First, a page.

The recent surge in the popularity of additive manufacturing is perfectly explainable. Design tools are readily available, and people are embracing technology in an increased capacity. That said, many users of additive manufacturing systems are still making simple design mistakes that are massively impacting their end products. Here are five top tips for better additive manufacturing designs:
1. Utilize the freedom
Subtracting manufacturing, injection molding, and other conventional design techniques don’t come with the freedom additive manufacturing offers. For instance, injection molding requires uniform wall thickness and radiused corners, among other production prerequisites. Computer numerical control (CNC) manufacturing, on the other hand, is inefficient in the production of such complex geometries as internal channels since there is no way to get the tool to the center of the part.
3D printing doesn’t come with any of these limitations. Parts are built layer by layer, giving you the freedom to create parts with labyrinths of components such as mid-build inserts, lattice structures, and internal channels. This flexibility gives you the freedom to dream up the wildest design ideas and implement them.
2. Don’t fear parallelization
3D printing systems can create a complete part in just one printing run, meaning you won’t need to go through additional assembly and finishing steps. For higher throughput, however, you may need to use more than one 3D printer simultaneously, in a process known as parallelization.
The costs of acquiring more than one printer may be high, but the advantages are ultimately bound to outweigh the cons, particularly if you are going to use the systems regularly. Parallelization has been shown to reduce material wastage by 90%, consolidate fabrication steps, minimize per-board fabrication, and eliminate retooling steps.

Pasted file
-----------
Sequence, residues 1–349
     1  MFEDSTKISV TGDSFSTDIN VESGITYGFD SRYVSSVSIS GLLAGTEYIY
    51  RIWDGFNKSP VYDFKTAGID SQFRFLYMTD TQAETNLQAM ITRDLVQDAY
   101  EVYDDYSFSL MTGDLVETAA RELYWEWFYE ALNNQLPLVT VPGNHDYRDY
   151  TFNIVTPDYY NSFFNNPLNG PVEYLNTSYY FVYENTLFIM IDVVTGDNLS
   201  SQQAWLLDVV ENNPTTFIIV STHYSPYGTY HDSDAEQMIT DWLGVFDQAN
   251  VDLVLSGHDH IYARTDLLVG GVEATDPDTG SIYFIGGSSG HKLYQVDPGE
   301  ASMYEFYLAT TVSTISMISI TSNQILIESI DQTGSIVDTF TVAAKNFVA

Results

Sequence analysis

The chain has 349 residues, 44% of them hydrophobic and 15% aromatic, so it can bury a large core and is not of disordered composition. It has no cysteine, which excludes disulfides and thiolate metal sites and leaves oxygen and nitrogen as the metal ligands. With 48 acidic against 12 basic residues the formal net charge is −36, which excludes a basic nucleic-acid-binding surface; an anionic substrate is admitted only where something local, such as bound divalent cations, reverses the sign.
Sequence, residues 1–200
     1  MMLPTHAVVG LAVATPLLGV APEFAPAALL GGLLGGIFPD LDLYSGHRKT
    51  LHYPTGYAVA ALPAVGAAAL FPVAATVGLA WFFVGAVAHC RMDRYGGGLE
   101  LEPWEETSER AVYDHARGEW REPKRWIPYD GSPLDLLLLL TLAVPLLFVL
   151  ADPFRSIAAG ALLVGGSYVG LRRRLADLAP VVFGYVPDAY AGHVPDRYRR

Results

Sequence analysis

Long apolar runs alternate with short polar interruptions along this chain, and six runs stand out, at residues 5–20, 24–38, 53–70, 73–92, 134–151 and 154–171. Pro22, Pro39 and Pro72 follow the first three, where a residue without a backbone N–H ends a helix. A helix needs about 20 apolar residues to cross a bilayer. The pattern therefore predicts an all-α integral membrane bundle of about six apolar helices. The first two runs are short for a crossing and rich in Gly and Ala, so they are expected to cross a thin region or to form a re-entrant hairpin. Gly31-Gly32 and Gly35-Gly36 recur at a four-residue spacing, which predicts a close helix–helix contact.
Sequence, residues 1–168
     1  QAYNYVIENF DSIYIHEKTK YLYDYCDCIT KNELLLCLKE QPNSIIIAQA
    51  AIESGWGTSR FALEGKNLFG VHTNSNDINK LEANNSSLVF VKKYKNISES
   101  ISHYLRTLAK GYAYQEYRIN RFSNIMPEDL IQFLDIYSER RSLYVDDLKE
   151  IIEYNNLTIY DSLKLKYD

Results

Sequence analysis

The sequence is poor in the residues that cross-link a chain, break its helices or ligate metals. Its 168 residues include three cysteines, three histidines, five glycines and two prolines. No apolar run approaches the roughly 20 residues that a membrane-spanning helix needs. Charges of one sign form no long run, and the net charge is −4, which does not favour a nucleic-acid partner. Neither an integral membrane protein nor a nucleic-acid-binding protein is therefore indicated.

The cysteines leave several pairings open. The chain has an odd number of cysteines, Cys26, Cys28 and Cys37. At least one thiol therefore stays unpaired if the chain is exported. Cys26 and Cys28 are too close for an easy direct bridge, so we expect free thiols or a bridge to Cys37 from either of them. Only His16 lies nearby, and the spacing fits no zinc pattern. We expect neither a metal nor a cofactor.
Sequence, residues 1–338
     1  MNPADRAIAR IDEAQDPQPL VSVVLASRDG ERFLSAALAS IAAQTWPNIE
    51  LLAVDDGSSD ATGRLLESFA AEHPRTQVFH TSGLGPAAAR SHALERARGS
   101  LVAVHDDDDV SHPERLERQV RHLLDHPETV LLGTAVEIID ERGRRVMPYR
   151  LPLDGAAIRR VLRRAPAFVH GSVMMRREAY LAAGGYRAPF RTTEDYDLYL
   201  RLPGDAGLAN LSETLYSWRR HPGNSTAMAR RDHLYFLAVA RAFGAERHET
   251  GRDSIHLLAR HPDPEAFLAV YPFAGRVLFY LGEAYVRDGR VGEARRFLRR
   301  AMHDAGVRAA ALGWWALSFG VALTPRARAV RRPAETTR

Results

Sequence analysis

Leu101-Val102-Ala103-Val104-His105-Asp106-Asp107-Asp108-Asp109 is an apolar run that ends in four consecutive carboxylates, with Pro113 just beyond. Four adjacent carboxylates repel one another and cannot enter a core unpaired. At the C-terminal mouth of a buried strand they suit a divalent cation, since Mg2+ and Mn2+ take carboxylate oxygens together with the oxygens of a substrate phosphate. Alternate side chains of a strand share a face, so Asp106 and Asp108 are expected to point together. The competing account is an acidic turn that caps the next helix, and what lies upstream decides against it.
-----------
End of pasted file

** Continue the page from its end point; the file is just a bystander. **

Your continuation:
3. Pay special attention to the deposition time
Using 3D printers to build parts helps designers circumvent redundant design processes. However, proper 3D printing scheduling requires familiarity with deposition time. This is determined by several factors, including the number of parts produced and raw material weight. The size and weight of a 3D print can assist with deposition time estimation, although an equally accurate estimate can be reached by building test coupons.
4. Trust in data-based scheduling
When there is a single command center unifying all your 3D printing assets, deposition data can be collected during production. This enables you to measure fabrication times and use the data to tweak production scheduling.
Data-based scheduling is particularly essential in production processes where various product variants call for different printing and assembly times.
5. Digitize post-production procedures
Despite the automation of many additive manufacturing processes, most 3D printing companies still go about post-production procedures manually. Processes such as assembly and plating can take plenty of time and manpower to finish.
Automation not only saves you the hassle of real-time supervision but also reduces your overall cost of production.
The evolution of 3D printing seems to be taking a steeper trajectory each day. The future is definitely easier and more seamless, but you don’t have to wait to up your game. Use the above tips to simplify your production processes and minimize the costs of production.
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